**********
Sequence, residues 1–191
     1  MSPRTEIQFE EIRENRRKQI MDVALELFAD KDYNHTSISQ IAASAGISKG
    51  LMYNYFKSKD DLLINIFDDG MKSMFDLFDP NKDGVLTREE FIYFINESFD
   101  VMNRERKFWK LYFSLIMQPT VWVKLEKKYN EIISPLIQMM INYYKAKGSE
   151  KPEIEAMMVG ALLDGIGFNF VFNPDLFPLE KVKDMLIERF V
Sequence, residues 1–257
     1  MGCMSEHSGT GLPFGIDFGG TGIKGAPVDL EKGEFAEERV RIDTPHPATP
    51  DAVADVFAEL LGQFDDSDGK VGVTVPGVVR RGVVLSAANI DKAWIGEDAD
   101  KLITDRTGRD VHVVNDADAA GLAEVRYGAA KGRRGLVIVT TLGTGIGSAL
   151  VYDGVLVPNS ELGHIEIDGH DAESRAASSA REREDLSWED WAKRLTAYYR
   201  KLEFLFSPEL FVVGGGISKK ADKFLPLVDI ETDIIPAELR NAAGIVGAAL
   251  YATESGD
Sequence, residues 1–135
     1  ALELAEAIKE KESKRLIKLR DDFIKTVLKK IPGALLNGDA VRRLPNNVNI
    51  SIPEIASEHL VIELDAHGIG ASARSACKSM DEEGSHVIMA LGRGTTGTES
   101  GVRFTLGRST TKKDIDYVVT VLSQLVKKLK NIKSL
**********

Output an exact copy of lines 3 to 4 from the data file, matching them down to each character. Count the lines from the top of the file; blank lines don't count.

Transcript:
    51  LMYNYFKSKD DLLINIFDDG MKSMFDLFDP NKDGVLTREE FIYFINESFD
   101  VMNRERKFWK LYFSLIMQPT VWVKLEKKYN EIISPLIQMM INYYKAKGSE